Increased frequency of summer heatwaves and poor water quality are two of the most prevalent and severe pressures faced by coral reefs. While these pressures often co-occur, their potential risks to tropical marine species are usually considered independently. Here, we extended the application of multisubstance-Potentially Affected Fraction (ms-PAF) to a nonchemical stressor, elevated sea surface temperature. We then applied this method to calculate climate-adjusted water quality guideline values (GVs) for two reference toxicants, copper and the herbicide diuron, for tropical marine species. First, we developed a species sensitivity distribution (SSD) for thermal stress based on published experimental data for 41 tropical benthic marine species using methods adapted from water quality GV derivation. This enabled quantitative predictions of community effects as temperatures exceeded acclimation values. The resulting protective temperature values (PTx) were similar to temperatures known to initiate coral bleaching and are therefore relevant for application in multistressor risk assessments. The extended ms-PAF method enabled the adjustment of current water quality GVs to account for thermal stress events. This approach could be applied to other ecosystems and other non-contaminant stressors (e.g., sediment, low salinity, anoxia, and ocean acidification), offering an alternative approach for deriving environmental GVs, reporting and assessing the risk posed by multiple stressors.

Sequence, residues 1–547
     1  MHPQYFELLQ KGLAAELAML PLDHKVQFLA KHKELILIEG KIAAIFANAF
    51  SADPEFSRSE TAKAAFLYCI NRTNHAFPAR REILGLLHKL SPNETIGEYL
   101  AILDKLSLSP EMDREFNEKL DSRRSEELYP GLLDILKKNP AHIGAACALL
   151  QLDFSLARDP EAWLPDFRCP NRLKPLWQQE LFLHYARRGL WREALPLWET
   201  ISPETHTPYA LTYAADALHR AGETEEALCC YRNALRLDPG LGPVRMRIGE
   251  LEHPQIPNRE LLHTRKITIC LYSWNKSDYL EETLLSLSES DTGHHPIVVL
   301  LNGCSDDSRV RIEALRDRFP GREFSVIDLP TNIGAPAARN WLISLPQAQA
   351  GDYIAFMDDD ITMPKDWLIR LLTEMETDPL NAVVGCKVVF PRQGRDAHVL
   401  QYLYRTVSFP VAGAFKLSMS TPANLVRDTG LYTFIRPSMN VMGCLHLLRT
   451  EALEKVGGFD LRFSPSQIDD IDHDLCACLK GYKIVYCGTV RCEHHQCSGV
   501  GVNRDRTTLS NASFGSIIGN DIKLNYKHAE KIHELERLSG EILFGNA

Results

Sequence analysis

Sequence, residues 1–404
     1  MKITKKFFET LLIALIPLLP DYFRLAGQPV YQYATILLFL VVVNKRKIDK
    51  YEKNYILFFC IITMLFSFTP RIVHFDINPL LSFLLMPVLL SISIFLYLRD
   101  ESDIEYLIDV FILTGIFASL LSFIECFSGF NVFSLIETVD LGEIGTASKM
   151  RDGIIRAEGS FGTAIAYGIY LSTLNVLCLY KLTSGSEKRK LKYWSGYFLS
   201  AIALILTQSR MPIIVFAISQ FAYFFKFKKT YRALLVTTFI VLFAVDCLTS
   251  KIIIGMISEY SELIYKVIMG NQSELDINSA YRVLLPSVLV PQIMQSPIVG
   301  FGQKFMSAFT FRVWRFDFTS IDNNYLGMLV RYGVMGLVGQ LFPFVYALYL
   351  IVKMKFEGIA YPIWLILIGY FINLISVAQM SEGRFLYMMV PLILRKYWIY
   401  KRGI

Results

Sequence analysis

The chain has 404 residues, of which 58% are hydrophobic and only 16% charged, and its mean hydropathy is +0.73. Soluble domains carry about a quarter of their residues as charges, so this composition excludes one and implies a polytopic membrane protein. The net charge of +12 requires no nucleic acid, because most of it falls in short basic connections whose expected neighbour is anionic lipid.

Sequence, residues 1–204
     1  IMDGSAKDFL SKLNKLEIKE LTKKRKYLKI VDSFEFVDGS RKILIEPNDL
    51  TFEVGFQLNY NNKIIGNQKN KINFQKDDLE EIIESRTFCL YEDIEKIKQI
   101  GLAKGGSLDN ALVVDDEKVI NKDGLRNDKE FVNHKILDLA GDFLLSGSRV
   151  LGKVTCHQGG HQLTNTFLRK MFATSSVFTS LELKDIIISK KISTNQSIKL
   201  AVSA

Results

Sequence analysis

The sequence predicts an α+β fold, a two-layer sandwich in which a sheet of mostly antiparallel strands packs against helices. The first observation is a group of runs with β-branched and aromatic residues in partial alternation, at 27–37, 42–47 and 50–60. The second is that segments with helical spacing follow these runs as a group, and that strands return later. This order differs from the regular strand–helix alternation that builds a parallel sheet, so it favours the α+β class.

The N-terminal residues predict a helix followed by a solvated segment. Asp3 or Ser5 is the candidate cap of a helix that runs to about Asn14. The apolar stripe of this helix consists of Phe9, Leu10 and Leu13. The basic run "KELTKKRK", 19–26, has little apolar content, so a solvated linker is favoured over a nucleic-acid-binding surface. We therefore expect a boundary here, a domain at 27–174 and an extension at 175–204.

- coral reefs
- thermal stress
- Species sensitivity distribution
ASJC Scopus subject areas
- Environmental Chemistry